Last updated 4 April 2021

The main daiR vignettes use deliberately simple examples involving uploads of pdf files straight into the root of the bucket and down again. In real life you may be dealing with slightly more complex scenarios.

## Image files

Document AI accepts only PDFs, GIFs and TIFFs, but sometimes your source documents are in other formats. daiR’s helper function image_to_pdf() is designed to help with this. Based as it is on imagemagick, it converts almost any image file format to pdf. You can also pass a vector of image files and ask for a single .pdf output, which is useful for collating several pagewise images to a single, multipage .pdf.

To illustrate, we can take this image of an old text from the National Park Service Website:

download.file("https://www.nps.gov/articles/images/dec-of-sentiments-loc-copy.jpg",
destfile = "nps.jpeg",
mode = "wb")

And convert it to a pdf like so:

library(daiR)
image_to_pdf("nps.jpeg", "nps.pdf")

And the file is ready for processing with Document AI.

## Processing a folder tree

At other times you may want to have folders inside your bucket. A typical scenario is when your source documents are stored in a folder tree and you want to batch process everything without losing the original folder structure.

Problem is, it’s technically not possible to have folders in Google Storage; files in a bucket are kept side by side in a flat structure. We can, however, imitate a folder structure by adding prefixes with forward slashes to filenames. This is not complicated, but requires paying attention to filenames at the upload and download stage.

To illustrate, let’s create two folders in our working directory: folder1 and folder2:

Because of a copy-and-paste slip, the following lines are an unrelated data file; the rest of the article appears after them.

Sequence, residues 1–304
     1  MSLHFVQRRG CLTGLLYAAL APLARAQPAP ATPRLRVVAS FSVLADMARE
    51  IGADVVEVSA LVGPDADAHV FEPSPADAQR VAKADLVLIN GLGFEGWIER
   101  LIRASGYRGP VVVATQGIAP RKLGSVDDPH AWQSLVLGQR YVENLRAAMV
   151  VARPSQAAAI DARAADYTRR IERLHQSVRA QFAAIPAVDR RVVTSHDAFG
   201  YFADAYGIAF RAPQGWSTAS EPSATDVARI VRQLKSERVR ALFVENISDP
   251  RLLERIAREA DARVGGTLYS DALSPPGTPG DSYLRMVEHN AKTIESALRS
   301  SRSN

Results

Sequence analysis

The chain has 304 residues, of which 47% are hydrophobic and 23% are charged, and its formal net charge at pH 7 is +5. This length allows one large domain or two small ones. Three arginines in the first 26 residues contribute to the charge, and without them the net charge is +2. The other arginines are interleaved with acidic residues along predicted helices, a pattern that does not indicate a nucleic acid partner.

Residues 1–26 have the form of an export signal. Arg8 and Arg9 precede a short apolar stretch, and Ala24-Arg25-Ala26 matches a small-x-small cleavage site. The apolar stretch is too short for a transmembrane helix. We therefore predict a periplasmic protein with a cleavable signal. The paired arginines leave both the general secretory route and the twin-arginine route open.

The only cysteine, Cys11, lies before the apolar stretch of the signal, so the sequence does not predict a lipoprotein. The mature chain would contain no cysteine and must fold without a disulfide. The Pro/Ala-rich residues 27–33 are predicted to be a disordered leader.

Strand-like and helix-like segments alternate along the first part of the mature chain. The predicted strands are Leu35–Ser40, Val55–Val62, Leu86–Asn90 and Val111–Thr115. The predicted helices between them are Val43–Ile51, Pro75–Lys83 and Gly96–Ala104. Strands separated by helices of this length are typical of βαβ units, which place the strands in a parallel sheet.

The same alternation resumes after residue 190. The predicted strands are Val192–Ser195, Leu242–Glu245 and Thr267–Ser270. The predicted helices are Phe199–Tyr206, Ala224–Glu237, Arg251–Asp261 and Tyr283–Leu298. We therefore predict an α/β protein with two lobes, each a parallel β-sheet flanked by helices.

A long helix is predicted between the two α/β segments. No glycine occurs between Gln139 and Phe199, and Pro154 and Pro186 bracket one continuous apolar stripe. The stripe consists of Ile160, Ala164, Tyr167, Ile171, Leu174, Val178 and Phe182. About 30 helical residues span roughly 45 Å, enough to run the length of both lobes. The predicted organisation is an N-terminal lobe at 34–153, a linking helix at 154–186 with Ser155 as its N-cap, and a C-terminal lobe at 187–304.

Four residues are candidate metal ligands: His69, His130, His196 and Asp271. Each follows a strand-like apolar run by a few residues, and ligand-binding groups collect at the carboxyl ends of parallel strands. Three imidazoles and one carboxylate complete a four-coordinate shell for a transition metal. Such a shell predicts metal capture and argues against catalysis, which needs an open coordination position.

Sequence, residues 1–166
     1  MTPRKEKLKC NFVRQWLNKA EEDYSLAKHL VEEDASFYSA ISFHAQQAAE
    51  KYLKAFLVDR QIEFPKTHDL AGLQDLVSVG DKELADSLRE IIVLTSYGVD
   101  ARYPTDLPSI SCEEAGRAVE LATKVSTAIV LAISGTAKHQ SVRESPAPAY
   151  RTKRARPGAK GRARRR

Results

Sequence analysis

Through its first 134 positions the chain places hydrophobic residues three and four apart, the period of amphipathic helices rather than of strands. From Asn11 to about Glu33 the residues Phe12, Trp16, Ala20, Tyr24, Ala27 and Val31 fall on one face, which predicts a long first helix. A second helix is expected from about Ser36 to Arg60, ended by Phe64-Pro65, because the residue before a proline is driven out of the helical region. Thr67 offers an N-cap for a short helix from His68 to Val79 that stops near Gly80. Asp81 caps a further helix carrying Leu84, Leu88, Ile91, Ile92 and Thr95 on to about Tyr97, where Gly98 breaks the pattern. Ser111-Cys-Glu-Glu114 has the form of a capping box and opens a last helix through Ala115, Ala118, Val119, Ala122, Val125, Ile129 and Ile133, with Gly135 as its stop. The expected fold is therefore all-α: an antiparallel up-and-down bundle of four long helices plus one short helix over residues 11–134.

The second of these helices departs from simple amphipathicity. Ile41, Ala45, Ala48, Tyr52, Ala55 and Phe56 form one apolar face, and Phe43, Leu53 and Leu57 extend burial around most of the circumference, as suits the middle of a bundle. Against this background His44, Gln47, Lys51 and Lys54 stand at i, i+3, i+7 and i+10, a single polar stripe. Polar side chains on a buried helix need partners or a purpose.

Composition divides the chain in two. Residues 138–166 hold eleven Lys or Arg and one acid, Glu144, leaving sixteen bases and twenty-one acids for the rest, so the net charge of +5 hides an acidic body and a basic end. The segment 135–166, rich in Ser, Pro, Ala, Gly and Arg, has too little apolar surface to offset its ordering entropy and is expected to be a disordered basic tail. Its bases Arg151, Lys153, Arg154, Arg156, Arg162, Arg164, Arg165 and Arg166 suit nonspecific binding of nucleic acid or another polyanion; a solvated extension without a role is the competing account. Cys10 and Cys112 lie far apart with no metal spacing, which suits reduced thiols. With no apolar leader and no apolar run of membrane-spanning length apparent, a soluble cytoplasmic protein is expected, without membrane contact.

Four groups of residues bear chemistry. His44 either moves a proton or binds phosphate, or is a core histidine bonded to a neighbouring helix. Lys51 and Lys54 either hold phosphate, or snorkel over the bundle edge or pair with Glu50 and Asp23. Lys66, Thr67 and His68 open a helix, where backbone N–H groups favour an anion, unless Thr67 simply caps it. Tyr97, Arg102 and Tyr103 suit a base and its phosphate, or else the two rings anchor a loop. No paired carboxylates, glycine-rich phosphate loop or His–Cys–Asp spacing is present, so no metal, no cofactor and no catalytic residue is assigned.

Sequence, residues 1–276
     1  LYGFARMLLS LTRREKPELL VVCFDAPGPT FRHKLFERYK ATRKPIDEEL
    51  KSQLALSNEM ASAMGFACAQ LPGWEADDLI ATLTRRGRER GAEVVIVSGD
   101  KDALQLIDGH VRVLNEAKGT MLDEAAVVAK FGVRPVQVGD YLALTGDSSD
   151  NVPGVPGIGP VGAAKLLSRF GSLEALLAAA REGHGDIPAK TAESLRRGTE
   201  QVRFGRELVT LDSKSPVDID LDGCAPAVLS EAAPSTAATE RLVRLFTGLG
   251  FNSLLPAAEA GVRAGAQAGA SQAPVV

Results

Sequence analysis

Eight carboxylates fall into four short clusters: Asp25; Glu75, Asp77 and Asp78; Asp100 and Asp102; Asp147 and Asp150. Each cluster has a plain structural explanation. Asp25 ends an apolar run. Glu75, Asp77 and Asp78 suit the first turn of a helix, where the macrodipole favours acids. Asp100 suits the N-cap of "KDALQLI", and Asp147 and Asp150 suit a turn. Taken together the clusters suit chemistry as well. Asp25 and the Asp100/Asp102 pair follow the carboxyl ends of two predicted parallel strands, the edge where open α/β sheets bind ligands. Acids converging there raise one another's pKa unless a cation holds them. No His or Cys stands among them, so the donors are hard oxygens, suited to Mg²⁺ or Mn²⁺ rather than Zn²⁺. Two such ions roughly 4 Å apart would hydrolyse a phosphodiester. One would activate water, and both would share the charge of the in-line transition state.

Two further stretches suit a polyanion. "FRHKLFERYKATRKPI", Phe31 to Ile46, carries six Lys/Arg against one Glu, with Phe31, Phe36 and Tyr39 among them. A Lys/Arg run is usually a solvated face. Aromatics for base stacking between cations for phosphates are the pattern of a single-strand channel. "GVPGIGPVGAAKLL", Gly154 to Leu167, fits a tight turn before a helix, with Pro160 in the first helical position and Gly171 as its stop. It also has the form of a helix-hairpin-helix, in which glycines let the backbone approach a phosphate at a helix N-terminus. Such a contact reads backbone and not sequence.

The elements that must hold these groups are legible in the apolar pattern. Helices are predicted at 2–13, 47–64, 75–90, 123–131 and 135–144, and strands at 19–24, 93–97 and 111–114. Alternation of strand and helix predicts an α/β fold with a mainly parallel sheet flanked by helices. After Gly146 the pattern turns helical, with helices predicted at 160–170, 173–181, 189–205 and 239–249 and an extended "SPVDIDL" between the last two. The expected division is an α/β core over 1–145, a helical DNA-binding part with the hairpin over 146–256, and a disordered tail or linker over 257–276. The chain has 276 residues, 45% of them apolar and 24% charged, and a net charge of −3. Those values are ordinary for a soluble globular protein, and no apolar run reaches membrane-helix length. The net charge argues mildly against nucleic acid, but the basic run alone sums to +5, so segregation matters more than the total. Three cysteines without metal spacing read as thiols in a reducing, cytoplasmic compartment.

library(fs)
dir_create("folder1")
dir_create("folder2")

Then we create three duplicates of the file nps.pdf and put two pdfs in each folder.

file_move("nps.pdf", "./folder1/nps.pdf")
file_copy("./folder1/nps.pdf", "./folder1/nps2.pdf", overwrite = TRUE)
file_copy("./folder1/nps.pdf", "./folder2/nps3.pdf", overwrite = TRUE)
file_copy("./folder1/nps.pdf", "./folder2/nps4.pdf", overwrite = TRUE)

To upload this entire structure to Google Storage, we create a vector of files in all subfolders with the parameter recurse = TRUE in the dir_ls() function. I’m assuming here that the working directory is otherwise empty of pdf files.

pdfs <- dir_ls(glob = "*.pdf", recurse = TRUE)

We then iterate the gcs_upload() function over our vector:

library(googleCloudStorageR)
library(purrr)
resp <- map(pdfs, ~ gcs_upload(.x, name = .x))

If we now check the bucket contents, we see that the files are in their respective “folders”.

gcs_list_objects()

Bear in mind, though, that this is an optical illusion; the files are technically still on the same level. In reality, the folder1/ and folder2/ elements are an integral part of the filenames.

We can process these files as they are with the following command:

resp <- dai_async(pdfs) 

In which case DAI returns .json files titled folder1/<job_number>/0/nps-0.json and so forth. We can download these the usual way:

content <- gcs_list_objects()
jsons <- grep("*.json$", content$name, value = TRUE)
resp <- map(jsons, ~ gcs_get_object(.x, saveToDisk = .x))

And the json files will be stored in their respective subfolders alongside the source pdfs.

Note, however, that this last script only worked because there already were folders titled folder1 and folder2 in our working directory. If there hadn’t been, R would have returned an error, because the gcs_get_object() function cannot create new folders on your hard drive.

If you wanted to download the files to another folder where there wasn’t a corresponding folder tree to “receive” them, you would have to use a workaround such as changing the forward slash in the bucket filepaths for an underscore (or something else) as follows:

resp <- map(jsons, ~ gcs_get_object(.x, saveToDisk = gsub("/", "_", .x), overwrite = TRUE))